“Other state conventions had disaster relief but not South Carolina. We had zero units.”

In support of the state, 13 feeding units representing 11 state conventions — Virginia, Florida, North Carolina, Tennessee, Alabama, Louisiana, Ohio, Missouri, Arkansas, Mississippi and Kentucky — descended on South Carolina after Hugo. Most affected areas were isolated due to the thousands of downed trees. Before they were through, the other states’ feeding units would crank out 265,000 meals to feed Hugo victims.

Satterwhite said South Carolina went from zero units at the time of Hugo in 1989 to 129 units today — including three feeding units that can dole out 15,000 meals a day, as well as units for chainsaw work, recovery, mud-out, repair, showers, laundry, command centers, medical and communications.

Training for disaster relief volunteers in 1989 was spotty at best, Satterwhite said.

“Back then, people would throw a chain saw in the back of a pickup truck and take off for the coast — totally untrained, not knowing what to do but willing to help someone. Today, we wouldn’t think of a chainsaw team going out without hardhats, chaps and goggles. No one wore that stuff back then. We were flying by the seat of our pants during Hugo. A lot of DR work was unofficial.”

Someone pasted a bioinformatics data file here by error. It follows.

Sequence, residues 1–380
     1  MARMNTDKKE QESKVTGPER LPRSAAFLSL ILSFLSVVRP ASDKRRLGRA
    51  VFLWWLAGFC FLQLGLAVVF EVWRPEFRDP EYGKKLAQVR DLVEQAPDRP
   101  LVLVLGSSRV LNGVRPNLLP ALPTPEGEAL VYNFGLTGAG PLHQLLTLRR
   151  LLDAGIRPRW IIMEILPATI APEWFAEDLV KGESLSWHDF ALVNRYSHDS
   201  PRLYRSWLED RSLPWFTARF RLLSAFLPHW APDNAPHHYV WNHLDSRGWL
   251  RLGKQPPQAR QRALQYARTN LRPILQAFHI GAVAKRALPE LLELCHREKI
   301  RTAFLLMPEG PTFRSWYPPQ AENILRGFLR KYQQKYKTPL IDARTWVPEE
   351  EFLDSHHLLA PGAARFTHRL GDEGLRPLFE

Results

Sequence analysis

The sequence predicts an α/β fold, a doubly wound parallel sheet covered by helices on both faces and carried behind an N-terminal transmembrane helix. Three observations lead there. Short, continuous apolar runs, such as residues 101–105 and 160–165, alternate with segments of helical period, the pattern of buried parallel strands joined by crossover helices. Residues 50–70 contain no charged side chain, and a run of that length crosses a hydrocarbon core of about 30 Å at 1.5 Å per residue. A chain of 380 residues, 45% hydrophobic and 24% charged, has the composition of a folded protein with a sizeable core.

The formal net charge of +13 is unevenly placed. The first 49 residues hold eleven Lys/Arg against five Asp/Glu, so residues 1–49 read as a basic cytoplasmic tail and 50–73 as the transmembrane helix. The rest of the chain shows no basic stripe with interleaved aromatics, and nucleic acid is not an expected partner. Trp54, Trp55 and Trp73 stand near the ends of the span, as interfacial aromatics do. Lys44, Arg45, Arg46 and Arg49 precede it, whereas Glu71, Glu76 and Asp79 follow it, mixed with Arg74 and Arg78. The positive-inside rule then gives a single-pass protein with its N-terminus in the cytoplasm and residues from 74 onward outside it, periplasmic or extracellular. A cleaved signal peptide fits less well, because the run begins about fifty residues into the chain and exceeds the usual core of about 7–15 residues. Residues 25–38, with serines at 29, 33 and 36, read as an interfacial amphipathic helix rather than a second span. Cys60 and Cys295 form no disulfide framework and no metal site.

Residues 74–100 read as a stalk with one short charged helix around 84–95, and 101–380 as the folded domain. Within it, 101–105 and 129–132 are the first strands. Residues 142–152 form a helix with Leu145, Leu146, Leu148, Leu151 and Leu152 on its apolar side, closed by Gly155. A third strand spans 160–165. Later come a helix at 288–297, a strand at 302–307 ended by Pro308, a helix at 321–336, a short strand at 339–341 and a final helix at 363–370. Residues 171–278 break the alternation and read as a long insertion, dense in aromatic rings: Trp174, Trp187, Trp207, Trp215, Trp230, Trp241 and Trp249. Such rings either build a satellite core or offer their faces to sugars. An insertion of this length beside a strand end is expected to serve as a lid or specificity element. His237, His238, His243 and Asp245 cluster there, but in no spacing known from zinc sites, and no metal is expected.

Post-Hugo disaster relief was focused in the Charleston area because that’s where the national media coverage was, Satterwhite said. “We concentrated on Charleston with five feeding units, and we used fish cookers, not the nice units with tilt skillets and convection ovens we have today.

“Today, South Carolina has 6,800 trained volunteers for disaster relief, and next to North Carolina, we have one of the largest fleets of units,” Satterwhite said.

Caison agreed that Hugo was pivotal in the development of Southern Baptist Disaster Relief, calling the hurricane “a major benchmark.” Caison himself was so moved by the unprecedented Southern Baptist response to Hugo that he left his pastorate and went into SBC disaster relief full-time.

“It was a large disaster and attracted a lot of media coverage. The next major DR benchmark event was Hurricane Andrew in 1992, followed by the Mississippi floods in 1993, the Oklahoma City bombing in 1995, 9/11 and, of course, Katrina in 2005. But Hugo was the first and because of it, we’ve become more focused and specialized in our disaster relief ministry.”

Caison said disaster relief operations now exist in all 42 SBC state conventions, with 90,000 trained volunteers nationwide and more than 2,000 units overall.

“We’ve grown not only in size but in strength,” Caison said. “We have a deep commitment and passion for what we do and the spiritual component is very important.”

Because Hurricane Hugo was such a watershed event in Southern Baptist disaster relief, Satterwhite noted that 500-600 people are expected to attend a 20th anniversary reunion Oct. 9-10 when the state’s Baptists hold their annual disaster relief training session at Ashley River Baptist Church in Charleston.
Mickey Noah is a writer for the North American Mission Board.